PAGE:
Mike Lang weighs in:

Stories = Wisdom

It has been four years this month since I finished treatments.

For a while right after finishing I figured I was an expert and knew how to handle this cancer thing; I figured I could be a great mentor to current young adult cancer patients and provide all the answers that they needed.

Mike LangAfter four years and meeting hundreds of other young adult survivors, I now know that I don’t really have as much to offer people as I first imagined. Really, the only thing that I can do is tell them my story and encourage them to tell me theirs… and then really listen and care about what they say.

I have heard lots of cancer stories and the most incredible thing is that I seem to learn something important from all of them. If there could ever be a silver lining to my cancer experience, it would be all the wonderful people I’ve been able to meet and all the deeply meaningful stories I’ve been able to hear.

One thing that I have learned through listening to all these stories is that cancer has a profound effect on everyone: friends, family, spouses, colleagues…not just the person who is diagnosed.

Starting in April on the Generation Why blog, we will be sharing the story of Amy, a cancer survivor, as she and her friends and family each struggle with the unique challenges that cancer has brought into their lives. The hope is that we will be able to see cancer from many different perspectives, leading to open, honest communication with the people we love.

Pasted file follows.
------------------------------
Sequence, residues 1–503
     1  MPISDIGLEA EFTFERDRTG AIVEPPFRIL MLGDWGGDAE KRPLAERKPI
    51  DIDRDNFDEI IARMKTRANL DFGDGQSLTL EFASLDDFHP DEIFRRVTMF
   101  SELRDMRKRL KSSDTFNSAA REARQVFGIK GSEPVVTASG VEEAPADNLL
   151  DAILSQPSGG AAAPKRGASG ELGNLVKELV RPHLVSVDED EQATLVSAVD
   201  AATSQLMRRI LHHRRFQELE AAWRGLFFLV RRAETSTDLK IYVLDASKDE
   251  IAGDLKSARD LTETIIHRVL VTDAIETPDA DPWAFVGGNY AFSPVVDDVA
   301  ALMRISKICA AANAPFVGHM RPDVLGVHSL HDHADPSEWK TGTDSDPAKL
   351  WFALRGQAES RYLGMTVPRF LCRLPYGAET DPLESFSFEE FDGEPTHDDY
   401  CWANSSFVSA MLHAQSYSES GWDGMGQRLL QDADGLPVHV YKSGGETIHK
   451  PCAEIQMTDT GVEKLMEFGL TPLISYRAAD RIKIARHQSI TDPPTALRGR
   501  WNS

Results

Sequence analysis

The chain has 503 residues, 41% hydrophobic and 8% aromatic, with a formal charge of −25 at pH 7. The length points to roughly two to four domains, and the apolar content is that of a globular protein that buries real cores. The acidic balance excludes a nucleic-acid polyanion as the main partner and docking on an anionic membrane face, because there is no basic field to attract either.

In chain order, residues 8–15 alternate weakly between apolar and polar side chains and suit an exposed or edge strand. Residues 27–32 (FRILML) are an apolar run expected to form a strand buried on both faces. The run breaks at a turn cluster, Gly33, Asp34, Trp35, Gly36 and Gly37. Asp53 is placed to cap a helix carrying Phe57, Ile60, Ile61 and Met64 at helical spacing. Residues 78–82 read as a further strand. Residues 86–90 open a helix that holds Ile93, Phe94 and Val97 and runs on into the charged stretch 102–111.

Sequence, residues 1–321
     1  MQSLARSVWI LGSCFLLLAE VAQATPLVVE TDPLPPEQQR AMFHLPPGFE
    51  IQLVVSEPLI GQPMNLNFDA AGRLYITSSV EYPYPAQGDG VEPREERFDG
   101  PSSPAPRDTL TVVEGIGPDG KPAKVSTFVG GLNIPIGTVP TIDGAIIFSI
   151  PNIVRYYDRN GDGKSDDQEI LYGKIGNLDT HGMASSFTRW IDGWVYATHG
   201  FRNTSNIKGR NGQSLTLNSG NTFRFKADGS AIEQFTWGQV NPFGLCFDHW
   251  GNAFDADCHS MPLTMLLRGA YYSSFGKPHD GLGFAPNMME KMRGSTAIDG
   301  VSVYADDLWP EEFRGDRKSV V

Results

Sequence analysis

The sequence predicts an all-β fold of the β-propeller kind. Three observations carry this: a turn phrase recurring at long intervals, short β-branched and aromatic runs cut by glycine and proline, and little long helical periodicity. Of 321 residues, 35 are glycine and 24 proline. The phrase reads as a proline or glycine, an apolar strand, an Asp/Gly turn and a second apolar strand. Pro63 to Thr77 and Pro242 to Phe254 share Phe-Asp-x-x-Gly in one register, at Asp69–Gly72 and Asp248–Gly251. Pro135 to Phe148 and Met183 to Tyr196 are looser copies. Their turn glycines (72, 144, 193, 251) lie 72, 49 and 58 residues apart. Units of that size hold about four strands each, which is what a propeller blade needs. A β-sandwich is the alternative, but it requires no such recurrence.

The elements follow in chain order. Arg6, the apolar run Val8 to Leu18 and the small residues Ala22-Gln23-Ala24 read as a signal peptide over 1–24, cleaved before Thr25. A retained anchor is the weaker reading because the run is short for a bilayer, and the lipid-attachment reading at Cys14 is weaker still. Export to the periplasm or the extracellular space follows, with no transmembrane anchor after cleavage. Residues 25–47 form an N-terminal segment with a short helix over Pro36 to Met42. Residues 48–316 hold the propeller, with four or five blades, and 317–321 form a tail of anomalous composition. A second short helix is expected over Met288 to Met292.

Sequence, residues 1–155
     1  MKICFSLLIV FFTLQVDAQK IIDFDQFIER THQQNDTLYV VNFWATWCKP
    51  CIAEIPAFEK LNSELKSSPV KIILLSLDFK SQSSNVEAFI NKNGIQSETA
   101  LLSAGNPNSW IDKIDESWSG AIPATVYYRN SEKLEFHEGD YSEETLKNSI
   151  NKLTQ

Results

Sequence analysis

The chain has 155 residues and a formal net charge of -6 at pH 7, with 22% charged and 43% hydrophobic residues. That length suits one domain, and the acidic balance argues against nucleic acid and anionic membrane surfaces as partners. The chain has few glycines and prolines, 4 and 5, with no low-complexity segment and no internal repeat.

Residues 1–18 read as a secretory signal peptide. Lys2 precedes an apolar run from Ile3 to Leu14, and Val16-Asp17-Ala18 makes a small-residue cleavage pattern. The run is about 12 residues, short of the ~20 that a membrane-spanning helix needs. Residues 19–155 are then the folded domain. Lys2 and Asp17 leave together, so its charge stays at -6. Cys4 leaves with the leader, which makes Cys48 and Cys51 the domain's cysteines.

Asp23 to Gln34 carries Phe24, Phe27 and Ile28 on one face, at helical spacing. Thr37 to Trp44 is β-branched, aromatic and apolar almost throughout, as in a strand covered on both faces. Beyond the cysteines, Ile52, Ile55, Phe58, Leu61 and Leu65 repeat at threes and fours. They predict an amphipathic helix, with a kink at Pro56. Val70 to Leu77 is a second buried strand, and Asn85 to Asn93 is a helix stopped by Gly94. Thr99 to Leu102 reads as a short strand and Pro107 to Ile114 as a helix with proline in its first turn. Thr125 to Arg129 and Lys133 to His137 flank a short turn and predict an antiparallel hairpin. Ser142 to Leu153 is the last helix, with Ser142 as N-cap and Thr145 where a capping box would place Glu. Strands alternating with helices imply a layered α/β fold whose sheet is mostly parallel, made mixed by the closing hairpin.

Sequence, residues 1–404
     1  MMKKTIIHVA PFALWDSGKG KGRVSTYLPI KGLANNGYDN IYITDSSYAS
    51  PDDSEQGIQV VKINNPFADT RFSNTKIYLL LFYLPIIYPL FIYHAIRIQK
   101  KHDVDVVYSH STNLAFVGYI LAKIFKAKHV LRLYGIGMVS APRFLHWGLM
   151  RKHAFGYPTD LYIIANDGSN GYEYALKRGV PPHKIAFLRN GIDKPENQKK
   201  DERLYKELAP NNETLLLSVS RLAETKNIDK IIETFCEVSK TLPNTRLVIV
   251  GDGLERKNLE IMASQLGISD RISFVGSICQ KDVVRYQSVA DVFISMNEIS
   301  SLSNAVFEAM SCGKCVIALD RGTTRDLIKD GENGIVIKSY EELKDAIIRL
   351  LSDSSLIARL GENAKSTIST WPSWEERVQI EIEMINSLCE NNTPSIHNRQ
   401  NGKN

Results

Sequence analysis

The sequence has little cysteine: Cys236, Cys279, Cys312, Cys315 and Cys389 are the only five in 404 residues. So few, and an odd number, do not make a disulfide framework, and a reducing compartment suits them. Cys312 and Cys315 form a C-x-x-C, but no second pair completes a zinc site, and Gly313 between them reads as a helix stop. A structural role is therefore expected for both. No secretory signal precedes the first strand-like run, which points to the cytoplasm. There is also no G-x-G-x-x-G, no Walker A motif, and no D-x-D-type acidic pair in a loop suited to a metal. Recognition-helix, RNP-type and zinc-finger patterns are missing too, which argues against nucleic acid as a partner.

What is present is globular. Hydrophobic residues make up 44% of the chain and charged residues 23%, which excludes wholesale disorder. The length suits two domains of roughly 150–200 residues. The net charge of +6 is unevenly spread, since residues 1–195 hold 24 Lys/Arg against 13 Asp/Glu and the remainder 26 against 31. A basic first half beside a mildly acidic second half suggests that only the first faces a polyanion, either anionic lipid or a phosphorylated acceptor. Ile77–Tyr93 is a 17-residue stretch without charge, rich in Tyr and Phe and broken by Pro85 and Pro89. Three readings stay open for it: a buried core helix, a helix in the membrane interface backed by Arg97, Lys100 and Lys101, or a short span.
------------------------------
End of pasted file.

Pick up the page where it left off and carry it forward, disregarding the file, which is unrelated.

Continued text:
The webseries is called Valleys, and you can watch the trailer here. I hope that you will continue to check back each Wednesday, starting April 3rd, to follow along with an eye-opening and powerful journey as Amy and her best friend Annie raft the Grand Canyon together and discover important truths about living with cancer.

Survivor stories have incredible wisdom in them, wisdom that will help all of us deal with the impact of cancer in our lives, and we feel honored to be able to share Amy’s story with all of you.

 Peace,

Mike, Amy and the Valleys Team

Valleys Episode 1

Valleys Episode 2

Valleys Episode 3

Valleys Episode 4

Valleys Episode 5

Valleys Episode 6


 

Pat here, again. I think Mike’s message about stories is a powerful one. Stories = Wisdom. We tell stories – to ourselves, to each other – in many different ways and for many different reasons, but in the end it’s all about trying to make sense of the world and our own lives, and figuring out how to face the challenges that we encounter every day. I encourage you to seek out the stories of other caregivers, and to share your own story if you feel the urge!

 


 

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One Response to Support For The Caregiver: Resources on Film

  1. Jay Helman says:

    I am working with a friend, Dena, a caregiver for her husband who died last year from Glioblastoma (GBM). Since his death Dena has been networking nationally and internationally in a self-initiated project to provide support and information to GBM victims and caregivers. Her original intent was to write about how this project helped her deal with the grief and loss she suffered personally, and the insights gained from others with similar experiences. She now has a local documentary filmmaker interested in taking on this project via film I am looking for leads into potential funding sources for this project on behalf of my courageous friend.